MMAC Exhibition Celebrates Japanese Art and Culture

February 05, 2014

MISSOULA – Committed to offering the highest-quality art, the Montana Museum of Art & Culture at the University of Montana will host a traveling exhibition titled “The Japanese Woodblock Print: An Extension of the Impermanent.” This exhibition will be complemented by works from the MMAC Permanent Collection and two Japanese Friendship Dolls. The exhibition will be on view Feb. 20-April 19 in the Meloy and Paxson Galleries in the Performing Arts and Radio/Television Center.

The community is invited to experience the culture of Japan at an opening reception from 5 to 7 p.m. Thursday, Feb. 20, in the PAR/TV Center lobby. Participants will enjoy Japanese cuisine, ikebana and a traditional shamisen performance by UM Visiting Assistant Professor Simon Hutchinson. James Bailey, professor in the UM School of Art printmaking program will demonstrate traditional Japanese woodblock printing techniques, and attendees will receive a free print. The event is free and open to the public.

The exhibition includes Japanese woodblock prints from the late 18th to the early 20th century by well-known Japanese masters such as Hiroshige, Hokusai, Kunisada, Kuniyoshi, Sharuku, Toyohiro, Toyokuni, Utamaro and later artists such as Sadanobu III, Shoson (Koson Ohara), Hiroshi Yoshida, Hiroyuki Tajima and French immigrant Paul Jacoulet. Approximately 60 prints are on loan from the George and Claire Louden Collection, combined with 25 prints from the MMAC permanent collection.

In addition, two prints by Hiroshi Yoshida are on loan from the UM Department of English, permanently housed in the Harrington Seminar Room. These works were donated by Emily Harrington in memory of Hank and Nancy Harrington.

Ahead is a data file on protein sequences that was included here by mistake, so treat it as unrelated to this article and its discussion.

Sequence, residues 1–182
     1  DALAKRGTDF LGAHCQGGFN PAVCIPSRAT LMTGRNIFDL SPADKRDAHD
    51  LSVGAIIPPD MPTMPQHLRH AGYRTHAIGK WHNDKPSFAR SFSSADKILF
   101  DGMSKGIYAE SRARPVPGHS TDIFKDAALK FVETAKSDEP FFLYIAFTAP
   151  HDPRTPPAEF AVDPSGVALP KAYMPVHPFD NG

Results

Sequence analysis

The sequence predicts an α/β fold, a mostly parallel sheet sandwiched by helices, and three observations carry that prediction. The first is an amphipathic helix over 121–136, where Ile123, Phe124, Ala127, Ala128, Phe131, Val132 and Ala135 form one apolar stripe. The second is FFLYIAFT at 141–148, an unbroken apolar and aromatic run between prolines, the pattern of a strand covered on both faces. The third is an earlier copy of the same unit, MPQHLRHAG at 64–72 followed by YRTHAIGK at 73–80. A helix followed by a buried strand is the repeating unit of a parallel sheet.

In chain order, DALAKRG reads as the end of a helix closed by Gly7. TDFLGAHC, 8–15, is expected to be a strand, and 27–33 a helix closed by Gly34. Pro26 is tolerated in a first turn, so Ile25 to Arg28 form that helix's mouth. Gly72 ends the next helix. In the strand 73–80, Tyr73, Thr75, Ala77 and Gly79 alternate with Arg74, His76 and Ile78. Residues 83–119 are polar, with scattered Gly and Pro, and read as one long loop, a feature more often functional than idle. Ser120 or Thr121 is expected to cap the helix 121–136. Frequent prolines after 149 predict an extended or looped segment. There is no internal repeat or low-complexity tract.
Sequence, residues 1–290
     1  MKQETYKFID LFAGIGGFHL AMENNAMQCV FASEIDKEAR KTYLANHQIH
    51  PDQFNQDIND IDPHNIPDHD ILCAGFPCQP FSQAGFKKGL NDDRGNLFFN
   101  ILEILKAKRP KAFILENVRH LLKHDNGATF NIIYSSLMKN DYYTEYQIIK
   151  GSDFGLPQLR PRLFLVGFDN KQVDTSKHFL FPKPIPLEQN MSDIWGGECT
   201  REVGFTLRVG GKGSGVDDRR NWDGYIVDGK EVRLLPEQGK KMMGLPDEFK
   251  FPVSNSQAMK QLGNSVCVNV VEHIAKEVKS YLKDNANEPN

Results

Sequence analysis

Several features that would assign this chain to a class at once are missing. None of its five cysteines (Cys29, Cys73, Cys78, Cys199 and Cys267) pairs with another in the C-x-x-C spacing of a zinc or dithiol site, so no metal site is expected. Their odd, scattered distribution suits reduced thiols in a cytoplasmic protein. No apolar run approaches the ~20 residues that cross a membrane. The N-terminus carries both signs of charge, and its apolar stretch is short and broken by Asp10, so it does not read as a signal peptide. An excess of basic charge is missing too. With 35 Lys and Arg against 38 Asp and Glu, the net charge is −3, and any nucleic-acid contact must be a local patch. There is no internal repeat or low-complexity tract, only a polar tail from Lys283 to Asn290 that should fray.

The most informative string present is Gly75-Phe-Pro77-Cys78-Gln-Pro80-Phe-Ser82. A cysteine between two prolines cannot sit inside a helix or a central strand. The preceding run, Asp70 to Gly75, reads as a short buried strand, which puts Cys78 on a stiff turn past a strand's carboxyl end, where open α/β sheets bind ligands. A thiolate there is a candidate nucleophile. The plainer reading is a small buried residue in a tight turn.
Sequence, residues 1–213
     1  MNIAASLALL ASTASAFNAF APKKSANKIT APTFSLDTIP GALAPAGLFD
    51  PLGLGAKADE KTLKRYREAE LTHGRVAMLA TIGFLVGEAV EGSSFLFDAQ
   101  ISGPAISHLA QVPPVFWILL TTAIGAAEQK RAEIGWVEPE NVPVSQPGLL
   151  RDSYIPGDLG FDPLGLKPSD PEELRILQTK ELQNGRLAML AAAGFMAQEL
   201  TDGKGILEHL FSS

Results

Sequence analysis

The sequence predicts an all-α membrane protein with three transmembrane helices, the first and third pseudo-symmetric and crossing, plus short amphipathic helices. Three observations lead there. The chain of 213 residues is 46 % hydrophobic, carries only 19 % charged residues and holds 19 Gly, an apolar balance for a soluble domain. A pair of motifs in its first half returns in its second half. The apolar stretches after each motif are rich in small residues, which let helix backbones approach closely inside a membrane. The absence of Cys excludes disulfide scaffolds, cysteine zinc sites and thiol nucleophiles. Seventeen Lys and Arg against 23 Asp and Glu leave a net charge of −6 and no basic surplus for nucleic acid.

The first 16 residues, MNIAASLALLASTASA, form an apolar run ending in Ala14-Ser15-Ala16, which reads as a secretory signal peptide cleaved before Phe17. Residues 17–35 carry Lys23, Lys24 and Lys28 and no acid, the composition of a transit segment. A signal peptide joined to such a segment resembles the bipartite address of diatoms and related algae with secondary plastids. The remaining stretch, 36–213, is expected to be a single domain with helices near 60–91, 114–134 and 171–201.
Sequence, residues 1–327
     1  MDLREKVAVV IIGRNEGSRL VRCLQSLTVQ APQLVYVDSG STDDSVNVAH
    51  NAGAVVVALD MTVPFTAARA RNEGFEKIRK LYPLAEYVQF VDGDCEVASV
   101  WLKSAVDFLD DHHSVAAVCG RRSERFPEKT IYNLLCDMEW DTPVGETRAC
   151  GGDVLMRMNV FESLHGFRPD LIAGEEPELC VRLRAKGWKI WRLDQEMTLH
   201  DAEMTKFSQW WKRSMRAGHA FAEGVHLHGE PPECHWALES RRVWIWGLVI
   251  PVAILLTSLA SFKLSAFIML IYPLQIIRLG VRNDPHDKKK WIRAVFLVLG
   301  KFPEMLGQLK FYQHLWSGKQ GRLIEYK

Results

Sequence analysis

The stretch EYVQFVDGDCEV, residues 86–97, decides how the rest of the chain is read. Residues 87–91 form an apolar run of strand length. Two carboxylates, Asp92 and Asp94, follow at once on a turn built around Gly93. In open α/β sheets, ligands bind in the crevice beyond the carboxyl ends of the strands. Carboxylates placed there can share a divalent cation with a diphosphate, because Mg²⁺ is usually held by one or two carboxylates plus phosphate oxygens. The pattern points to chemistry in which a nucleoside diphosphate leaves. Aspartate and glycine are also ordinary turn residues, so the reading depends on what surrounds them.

The Loudens assembled their collection while employed by National Geographic and the United States Foreign Services. This exhibition was organized by the Carr Gallery of the Idaho Falls Arts Council and travels under the auspices of the Montana Art Gallery Directors Association.

Also on view are two rare Japanese Friendship Dolls, Miss Tottori from the Museum of the South Dakota State Historical Society in Pierre and Miss Aomori courtesy of Alan Scott Pate. Japanese Friendship Dolls were a gift from Japanese children to American children in response to 12,739 American blue-eyed dolls sent to Japan in early 1927. Only 47 of the 58 Japanese Friendship Dolls have been located. One was destroyed by Hurricane Camilla in 1969. Internationally renowned ningyô (or Japanese doll) scholar Alan Scott Pate, author of “Ningyô: The Art of the Japanese Doll” and “Japanese Dolls: The Fascinating World of Ningyô” will present a lecture at 7 p.m. Thursday, Feb. 27, in the Montana Theatre located in the PAR/TV Center. He will discuss Japanese Friendship Dolls and his upcoming publication.

UM Assistant Professors of Japanese Robert Tuck and Brian Dowdle will present a lecture on Japanese prints and culture at 7 p.m. Tuesday, March 18, in the Masquer Theater.

The MMAC’s hours during the academic year are noon to 3 p.m. Tuesday, Wednesday and Saturday, and noon to 6 p.m. Thursday and Friday. The museum is open to the public with a suggested $5 donation. For more information call 406-243-2019 or visit




Contact: Brandon Reintjes, curator of art, Montana Museum of Art & Culture, 406-243-2019,